Russia: Focus is on faults, not terror, in deadly plane crash

Russia's intelligence agency sees no signs of terror plot in fatal plane crash

SOCHI, Russia (AP) — A pilot error or a technical fault — not terrorism — is likely to be the cause of the plane crash into the Black Sea, Russian officials said Monday as the nation held a day of mourning for the victims.

All 84 passengers and eight crew on the Russian military’s Tu-154 plane are believed to have died Sunday morning when it crashed two minutes after taking off from the southern city of Sochi.

The passengers included dozens of singers in Russia’s world-famous military choir, nine Russian journalists, and a Russian doctor known for her charity work in war zones.

On Monday, the search operation involved more than 3,500 people on 45 ships — including 135 divers flown in from across Russia — sweeping a vast crash site at sea and along the shore, according to the Defense Ministry. Five helicopters and drones were being used to help spot bodies and debris. Two deep-water submersibles arrived to aid the operation, which went on all through the night thanks to powerful searchlights.

The Black Sea search area — which covers over 10 square kilometers (about 4 square miles) — is plagued by underwater currents that can carry debris and body fragments into the open sea.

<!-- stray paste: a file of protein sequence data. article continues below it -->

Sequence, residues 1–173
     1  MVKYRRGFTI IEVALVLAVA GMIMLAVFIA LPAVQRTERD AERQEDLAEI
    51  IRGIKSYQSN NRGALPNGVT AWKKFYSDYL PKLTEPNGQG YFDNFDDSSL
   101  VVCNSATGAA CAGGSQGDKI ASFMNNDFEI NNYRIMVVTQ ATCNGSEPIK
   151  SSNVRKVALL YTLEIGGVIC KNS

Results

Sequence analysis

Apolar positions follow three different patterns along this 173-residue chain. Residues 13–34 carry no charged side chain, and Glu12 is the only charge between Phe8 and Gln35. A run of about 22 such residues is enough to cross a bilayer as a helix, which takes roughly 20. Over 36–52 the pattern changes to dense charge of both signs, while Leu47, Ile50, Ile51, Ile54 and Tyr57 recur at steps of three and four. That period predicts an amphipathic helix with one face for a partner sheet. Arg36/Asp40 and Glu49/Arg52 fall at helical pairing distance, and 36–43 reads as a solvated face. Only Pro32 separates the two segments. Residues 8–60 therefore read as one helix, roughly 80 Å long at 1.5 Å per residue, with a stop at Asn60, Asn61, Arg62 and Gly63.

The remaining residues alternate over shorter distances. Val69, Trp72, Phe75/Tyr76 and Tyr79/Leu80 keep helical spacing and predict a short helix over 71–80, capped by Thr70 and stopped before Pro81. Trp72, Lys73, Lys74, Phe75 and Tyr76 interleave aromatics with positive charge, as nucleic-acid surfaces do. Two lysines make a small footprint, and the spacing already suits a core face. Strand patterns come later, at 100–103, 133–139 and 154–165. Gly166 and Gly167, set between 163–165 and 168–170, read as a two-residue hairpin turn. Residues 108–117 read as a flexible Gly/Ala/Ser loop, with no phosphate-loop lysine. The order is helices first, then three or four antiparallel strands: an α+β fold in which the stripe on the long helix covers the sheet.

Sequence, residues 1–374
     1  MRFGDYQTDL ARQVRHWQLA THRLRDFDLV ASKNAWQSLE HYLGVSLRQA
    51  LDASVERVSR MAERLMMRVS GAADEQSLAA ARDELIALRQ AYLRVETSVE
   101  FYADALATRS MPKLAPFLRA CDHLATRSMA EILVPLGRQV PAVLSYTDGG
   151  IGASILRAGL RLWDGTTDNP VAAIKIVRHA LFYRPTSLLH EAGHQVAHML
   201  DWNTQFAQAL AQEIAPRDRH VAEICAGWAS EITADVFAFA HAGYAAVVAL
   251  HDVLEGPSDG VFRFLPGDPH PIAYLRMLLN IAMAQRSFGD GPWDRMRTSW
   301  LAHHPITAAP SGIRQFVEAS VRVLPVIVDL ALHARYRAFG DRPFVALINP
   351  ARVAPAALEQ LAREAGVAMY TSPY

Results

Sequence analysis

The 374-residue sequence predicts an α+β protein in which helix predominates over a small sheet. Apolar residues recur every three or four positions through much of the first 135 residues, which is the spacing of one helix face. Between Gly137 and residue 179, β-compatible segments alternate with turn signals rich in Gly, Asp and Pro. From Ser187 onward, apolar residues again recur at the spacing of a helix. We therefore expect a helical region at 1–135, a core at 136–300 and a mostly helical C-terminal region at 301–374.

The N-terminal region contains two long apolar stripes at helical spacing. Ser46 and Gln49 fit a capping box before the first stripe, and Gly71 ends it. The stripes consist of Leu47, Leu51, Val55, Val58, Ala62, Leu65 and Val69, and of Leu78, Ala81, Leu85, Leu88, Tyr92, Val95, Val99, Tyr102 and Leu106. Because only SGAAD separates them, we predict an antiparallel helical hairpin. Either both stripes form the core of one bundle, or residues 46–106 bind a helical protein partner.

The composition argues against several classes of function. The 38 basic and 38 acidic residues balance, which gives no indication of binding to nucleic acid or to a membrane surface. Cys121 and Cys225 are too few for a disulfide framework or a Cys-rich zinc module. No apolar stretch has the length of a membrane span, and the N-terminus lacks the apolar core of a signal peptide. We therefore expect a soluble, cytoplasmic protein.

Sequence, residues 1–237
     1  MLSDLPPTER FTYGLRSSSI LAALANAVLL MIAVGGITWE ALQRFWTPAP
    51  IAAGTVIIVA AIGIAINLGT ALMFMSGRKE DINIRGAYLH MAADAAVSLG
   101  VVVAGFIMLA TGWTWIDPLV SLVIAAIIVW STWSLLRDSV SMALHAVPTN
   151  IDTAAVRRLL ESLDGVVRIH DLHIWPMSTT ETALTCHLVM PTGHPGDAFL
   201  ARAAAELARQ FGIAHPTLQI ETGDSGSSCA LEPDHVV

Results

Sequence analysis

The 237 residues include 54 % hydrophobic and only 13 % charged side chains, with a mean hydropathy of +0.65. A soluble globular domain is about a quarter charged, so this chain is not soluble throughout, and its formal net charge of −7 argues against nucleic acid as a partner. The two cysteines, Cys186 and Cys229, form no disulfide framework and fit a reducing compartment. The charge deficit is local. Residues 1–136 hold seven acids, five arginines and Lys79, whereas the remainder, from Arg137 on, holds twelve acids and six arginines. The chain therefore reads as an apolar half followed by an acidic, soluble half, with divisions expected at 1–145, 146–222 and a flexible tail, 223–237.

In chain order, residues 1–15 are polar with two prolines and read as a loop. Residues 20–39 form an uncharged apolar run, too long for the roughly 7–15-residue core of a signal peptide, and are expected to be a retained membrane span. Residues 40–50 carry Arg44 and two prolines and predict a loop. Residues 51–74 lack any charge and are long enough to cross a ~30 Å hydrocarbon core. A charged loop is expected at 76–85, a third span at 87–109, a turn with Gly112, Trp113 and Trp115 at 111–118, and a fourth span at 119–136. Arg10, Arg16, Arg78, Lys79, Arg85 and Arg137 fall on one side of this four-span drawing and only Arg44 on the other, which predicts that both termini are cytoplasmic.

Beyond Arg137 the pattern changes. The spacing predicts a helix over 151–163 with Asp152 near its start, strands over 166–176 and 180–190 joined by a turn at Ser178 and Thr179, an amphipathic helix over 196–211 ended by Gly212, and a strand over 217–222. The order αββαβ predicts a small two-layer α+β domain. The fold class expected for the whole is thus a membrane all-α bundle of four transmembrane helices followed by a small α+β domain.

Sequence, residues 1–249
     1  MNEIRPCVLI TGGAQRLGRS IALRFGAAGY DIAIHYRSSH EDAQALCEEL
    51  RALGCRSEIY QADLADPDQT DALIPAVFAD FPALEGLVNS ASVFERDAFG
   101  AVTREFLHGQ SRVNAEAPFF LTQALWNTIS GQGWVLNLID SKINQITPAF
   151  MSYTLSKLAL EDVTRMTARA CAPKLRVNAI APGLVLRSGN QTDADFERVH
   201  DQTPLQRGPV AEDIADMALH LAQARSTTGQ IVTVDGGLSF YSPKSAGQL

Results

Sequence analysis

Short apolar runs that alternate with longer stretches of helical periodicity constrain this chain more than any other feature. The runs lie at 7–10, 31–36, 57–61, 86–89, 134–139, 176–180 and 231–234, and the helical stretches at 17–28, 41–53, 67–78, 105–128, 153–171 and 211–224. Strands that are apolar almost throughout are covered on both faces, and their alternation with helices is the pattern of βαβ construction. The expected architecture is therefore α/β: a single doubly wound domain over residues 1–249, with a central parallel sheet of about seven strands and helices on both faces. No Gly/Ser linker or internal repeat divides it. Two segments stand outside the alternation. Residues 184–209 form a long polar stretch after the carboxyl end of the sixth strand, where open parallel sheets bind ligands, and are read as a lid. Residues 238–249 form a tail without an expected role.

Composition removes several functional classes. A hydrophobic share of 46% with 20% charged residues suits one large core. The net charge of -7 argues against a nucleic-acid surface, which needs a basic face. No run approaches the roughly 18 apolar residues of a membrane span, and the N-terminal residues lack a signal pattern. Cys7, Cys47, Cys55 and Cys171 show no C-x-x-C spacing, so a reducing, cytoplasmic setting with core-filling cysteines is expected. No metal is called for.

The search party has not yet found the plane’s black boxes, Emergency Situations Minister Vladimir Puchkov told Russian news agencies.

Speaking on television Monday, Transport Minister Maxim Sokolov said terrorism was not among the main theories for the crash cause, and that authorities were looking into a possible technical fault or a pilot error.

The intelligence agency FSB echoed his comments in the statement later, saying it “has not found any signs or facts pointing to a possible terror attack or sabotage on board.”

The intelligence agency is now focusing the probe on possibilities such as a pilot error, low quality of fuel, external objects getting in the engine or an unspecified technical fault.